The 21st Century Mud Room
Before we look at today’s mud room, lets look at the history of the Mud Room. Farm and manor houses had a back room or porch where farmers would deposit their soiled clothes and boots and wash up at a pump before entering the main house.
This is a perfect example of a farm house with the mud room attached to the back of the home.
In the late 1970′s, the laundry room moved up from the basement and the mud room/laundry room combination became the logical transition from the outside into the home.
The disadvantage to this arrangement was the obvious conflict between outside dirt and the need for cleanliness with the wash. Today, the laundry rooms are usually separated from the mudroom and are built closer to the bedrooms. This ideal has been well received by homeowners especially in two story or split-level homes, or even in the larger single story home.
Ideally, today’s mudroom should serve as an entrance to the house from both the garage (if attached) and the rear of the house. A well-designed mudroom serves as a great place for backpacks, sports equipment, purse, car keys, jackets, umbrella’s, brief cases, boots, sneakers, beach bag, and more.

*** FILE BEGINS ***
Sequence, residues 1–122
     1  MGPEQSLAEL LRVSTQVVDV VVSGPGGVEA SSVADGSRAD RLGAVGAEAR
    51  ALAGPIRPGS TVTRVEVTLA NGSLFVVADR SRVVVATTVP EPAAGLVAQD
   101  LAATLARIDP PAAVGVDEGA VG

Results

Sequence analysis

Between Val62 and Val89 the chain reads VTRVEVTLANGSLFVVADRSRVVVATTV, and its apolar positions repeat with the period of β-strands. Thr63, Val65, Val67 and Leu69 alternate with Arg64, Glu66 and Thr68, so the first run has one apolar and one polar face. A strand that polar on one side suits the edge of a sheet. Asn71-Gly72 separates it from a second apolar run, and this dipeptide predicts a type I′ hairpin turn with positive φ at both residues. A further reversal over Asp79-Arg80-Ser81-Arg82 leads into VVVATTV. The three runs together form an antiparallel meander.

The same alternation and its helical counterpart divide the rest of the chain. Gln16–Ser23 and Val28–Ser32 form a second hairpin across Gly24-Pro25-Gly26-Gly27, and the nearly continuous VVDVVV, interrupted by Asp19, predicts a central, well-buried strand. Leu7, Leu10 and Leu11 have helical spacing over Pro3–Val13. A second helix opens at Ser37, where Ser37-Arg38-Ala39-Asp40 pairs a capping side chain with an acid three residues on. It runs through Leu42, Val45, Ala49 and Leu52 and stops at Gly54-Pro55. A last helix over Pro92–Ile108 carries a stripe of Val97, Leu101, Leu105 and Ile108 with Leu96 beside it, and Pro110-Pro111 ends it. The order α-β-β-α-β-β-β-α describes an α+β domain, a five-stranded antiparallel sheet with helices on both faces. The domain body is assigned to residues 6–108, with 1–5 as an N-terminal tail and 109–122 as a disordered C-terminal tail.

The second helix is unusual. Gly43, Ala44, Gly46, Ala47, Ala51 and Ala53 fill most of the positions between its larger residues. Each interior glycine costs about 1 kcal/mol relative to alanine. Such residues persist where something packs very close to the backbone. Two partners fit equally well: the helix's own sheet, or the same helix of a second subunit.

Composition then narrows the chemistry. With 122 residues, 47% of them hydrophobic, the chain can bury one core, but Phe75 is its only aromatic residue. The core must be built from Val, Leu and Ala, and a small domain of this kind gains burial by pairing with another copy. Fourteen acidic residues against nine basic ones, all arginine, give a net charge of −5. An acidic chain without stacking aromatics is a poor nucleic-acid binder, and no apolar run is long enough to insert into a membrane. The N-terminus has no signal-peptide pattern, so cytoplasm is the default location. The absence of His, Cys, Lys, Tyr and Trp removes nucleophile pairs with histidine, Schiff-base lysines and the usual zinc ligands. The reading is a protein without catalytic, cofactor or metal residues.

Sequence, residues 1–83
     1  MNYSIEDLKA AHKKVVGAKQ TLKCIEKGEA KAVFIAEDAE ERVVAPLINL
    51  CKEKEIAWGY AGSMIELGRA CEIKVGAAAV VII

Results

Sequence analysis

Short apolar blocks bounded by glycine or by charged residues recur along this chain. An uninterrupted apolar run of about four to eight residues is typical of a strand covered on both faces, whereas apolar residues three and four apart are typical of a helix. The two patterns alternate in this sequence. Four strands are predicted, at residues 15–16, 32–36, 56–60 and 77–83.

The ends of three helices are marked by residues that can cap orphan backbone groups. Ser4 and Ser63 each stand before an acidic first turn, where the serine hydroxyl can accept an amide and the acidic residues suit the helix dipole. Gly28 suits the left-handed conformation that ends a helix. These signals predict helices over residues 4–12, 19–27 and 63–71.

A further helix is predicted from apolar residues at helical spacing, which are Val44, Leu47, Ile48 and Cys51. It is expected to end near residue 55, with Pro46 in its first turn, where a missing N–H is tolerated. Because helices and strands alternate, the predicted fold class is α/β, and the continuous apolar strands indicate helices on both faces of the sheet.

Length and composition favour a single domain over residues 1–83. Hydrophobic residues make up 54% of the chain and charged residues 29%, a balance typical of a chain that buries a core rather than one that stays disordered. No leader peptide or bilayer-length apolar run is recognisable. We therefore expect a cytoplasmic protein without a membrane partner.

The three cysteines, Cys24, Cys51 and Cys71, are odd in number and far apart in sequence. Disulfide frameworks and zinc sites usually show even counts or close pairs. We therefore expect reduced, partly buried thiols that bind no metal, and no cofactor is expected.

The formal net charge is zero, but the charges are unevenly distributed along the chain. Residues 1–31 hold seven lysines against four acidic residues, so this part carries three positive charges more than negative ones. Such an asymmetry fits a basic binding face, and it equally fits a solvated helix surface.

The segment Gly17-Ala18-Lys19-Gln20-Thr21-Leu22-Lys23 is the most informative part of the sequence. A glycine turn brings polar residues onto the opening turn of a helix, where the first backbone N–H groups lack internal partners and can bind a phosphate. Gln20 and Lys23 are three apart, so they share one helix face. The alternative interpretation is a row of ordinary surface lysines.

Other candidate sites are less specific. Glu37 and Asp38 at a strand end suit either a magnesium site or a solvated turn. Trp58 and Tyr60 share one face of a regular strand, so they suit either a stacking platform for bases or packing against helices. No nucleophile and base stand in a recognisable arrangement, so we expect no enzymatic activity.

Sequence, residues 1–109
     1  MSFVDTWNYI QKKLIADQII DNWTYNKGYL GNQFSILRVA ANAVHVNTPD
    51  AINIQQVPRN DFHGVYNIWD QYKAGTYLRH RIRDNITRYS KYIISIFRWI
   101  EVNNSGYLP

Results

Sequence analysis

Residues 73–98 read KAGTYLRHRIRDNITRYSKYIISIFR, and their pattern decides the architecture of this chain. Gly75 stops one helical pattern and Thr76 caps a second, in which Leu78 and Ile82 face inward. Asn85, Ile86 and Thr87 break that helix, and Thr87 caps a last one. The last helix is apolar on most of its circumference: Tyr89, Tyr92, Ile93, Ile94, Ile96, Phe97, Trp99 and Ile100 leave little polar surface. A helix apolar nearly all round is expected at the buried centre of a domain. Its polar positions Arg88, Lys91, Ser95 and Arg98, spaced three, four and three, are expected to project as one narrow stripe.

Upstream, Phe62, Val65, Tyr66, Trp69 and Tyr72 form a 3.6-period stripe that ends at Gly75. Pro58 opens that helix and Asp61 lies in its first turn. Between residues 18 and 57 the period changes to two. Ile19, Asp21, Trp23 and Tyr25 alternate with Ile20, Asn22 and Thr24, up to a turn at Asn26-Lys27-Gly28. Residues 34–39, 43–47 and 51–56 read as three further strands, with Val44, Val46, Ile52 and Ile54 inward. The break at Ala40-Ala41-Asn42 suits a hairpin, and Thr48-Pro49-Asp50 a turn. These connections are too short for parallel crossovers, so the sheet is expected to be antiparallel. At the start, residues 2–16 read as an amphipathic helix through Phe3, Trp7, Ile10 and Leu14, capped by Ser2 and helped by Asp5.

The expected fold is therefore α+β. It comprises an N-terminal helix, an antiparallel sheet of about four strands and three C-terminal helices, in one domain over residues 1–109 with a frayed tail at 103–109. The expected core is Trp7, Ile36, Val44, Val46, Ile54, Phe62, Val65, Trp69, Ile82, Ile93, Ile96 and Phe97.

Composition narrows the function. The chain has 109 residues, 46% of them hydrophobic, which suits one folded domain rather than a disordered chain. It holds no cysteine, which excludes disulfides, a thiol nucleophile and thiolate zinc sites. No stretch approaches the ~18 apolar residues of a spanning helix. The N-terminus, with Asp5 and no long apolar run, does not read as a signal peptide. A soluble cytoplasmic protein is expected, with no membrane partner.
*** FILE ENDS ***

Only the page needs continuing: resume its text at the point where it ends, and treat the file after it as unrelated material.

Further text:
This keeps the clutter out of the kitchen and helps keep busy families better organized. This is also a great place to hang a bulletin board with game schedules, or a chalk board to write short reminders to other family members.
Mudrooms can accommodate such things as hooks, hangers, storage cabinets, walk in closets, locker size cubbyholes, shoe racks, umbrella stand, and built in desks.
Mudrooms may even serve as a dog kennel when the family is away from the home.
The mudroom should be where the FAMILY entrance to the home is, not at your front door where you receive your guest.
Where mudrooms are for the family and located at the back of the home, it’s a smart idea to have some accommodations at your front entrance as well. This entry features a cozy recessed niche that offers a place for you or your guest to drop off a bag, purse, or briefcase and ample room for coats.
If your entry space is in short supply and you’re tired of entry turmoil, consider a mudroom addition to accommodate your family’s needs. Here an addition provides just enough space for a mudroom to serve a full house. Hooks hold purses, coats, and hats while a storage bench conceals winter-weather accessories. Reliable tile flooring makes cleanup easy.
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